SAN DIEGO -- If Colin Kaepernick plans on protesting the national anthem for the entire 2016 season, then he better get ready for the boo birds. If his latest game in San Diego was any indication, they're going to be out in full force whenever he's on the field.
The booing of Kaepernick started as soon as he ran on Thursday night and didn't stop until 49ers coach Chip Kelly pulled him from the game at the beginning of the second half.
Chargers fans were relentless with Kaepernick, booing him on all 34 plays that he participated in during the 49ers 31-21 win.
Kaepernick got booed by Chargers fans despite the fact that he was applauding the 240 military members who were being honored on the field before the national anthem as part of the Chargers 28th annual 'Salute the Military' night.
After the team was done honoring the soldiers during the pregame, Kaepernick went to a knee just before the anthem started, and that's when the booing got bad.
In the video below, you can see Kaepernick (in the middle of the screen) go to his knee at about the 12-second mark, and the booing starts about three seconds later once fans realized what was happening. Teammate Eric Reid also knelt during the national anthem on Thursday.
During the anthem itself, which was sung by Petty Officer 1st Class Steven Powell, there was no booing by Chargers fans. However, as soon as the song was over, fans started booing Kaepernick again.
There were a few hundred 49ers fans behind the team's bench and they tried to drown out the booing.
The booing didn't stop there though. Here's how loud the boo birds got when Kaepernick took the field for his final possession of the first half with 5:29 left in the second quarter.
Again, Kaepernick was literally booed for all 34 plays that he was on the field.
The 49ers quarterback has been facing some serious backlash since Aug. 26 when his protest went public. Kaepernick has made it clear that he's not going to stand for the national anthem until police brutality against minorities comes to and end.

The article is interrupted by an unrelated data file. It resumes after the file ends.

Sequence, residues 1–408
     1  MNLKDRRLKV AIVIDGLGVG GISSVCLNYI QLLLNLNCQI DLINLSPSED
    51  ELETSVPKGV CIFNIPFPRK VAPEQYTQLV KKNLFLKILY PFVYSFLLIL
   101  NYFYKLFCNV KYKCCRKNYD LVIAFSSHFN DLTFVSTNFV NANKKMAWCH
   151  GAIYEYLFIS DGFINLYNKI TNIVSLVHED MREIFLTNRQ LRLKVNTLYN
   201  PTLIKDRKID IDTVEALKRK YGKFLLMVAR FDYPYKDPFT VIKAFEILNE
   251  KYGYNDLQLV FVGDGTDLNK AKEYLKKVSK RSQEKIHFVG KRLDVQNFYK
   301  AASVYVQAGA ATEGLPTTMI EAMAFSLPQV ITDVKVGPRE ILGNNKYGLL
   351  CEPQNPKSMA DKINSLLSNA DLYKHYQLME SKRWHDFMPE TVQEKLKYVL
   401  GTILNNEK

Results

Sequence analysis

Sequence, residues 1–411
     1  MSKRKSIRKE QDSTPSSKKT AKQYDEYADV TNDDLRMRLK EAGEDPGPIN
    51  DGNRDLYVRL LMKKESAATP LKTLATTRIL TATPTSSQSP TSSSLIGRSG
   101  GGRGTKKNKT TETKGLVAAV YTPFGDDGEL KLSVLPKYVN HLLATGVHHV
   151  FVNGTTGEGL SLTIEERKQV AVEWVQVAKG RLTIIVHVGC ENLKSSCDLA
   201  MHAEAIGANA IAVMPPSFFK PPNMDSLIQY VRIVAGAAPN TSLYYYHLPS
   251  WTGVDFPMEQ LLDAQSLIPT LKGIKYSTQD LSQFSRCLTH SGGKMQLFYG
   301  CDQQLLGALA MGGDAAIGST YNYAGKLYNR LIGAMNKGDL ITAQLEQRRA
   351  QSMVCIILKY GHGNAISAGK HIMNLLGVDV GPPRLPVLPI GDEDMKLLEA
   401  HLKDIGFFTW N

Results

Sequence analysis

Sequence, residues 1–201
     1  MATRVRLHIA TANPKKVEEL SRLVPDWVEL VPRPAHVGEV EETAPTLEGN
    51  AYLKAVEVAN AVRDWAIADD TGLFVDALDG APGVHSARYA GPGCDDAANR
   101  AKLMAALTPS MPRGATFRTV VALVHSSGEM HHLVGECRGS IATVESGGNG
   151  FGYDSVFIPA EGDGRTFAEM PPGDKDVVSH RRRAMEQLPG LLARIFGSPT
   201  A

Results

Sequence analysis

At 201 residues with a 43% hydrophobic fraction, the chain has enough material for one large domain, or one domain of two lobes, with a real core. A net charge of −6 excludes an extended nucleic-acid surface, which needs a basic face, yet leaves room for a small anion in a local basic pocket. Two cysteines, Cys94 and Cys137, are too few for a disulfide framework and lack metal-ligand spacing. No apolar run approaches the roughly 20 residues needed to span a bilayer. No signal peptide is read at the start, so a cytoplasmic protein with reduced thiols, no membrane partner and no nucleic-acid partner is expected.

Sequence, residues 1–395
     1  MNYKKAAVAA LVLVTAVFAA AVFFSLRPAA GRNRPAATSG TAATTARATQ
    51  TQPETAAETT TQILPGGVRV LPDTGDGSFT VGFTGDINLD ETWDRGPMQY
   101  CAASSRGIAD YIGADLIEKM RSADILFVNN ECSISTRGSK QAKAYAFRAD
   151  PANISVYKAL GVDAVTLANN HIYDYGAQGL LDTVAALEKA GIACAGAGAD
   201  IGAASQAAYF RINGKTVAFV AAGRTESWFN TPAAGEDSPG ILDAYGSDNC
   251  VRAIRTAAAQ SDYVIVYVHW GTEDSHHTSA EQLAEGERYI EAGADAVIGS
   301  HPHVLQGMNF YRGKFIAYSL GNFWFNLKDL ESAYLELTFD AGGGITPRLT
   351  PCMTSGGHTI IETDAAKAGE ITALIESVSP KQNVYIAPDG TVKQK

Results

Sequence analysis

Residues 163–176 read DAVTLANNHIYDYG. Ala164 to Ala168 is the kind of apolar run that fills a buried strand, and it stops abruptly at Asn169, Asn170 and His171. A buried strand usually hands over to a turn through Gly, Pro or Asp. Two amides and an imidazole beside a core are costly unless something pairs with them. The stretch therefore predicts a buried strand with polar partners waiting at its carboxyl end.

"There's a lot of things that need to change," Kaepernick said, when asked on Sunday why he's protesting. "One specifically? Police brutality. There's people being murdered unjustly and not being held accountable. People are being given paid leave for killing people. That's not right. That's not right by anyone's standards."
Kaepernick has faced some backlash this week when it became public knowledge that he wore "pig cop" socks just four days before his first national anthem protest on Aug. 14.
The quarterback said he wore the socks to bring awareness to the fact that their are rogue cops who are putting people in danger.
"I wore these socks, in the past, because the rogue cops that are allowed to hold positions in police departments, not only put the community in danger, but also put the cops that have the right intentions in danger by creating an environment of tension and mistrust."
Kaepernick's cause might not be winning everyone over, but he has definitely found some support in the NFL. Like Kaepernick last week, Seahawks defensive back Jeremy Lane remained seated during the national anthem on Thursday.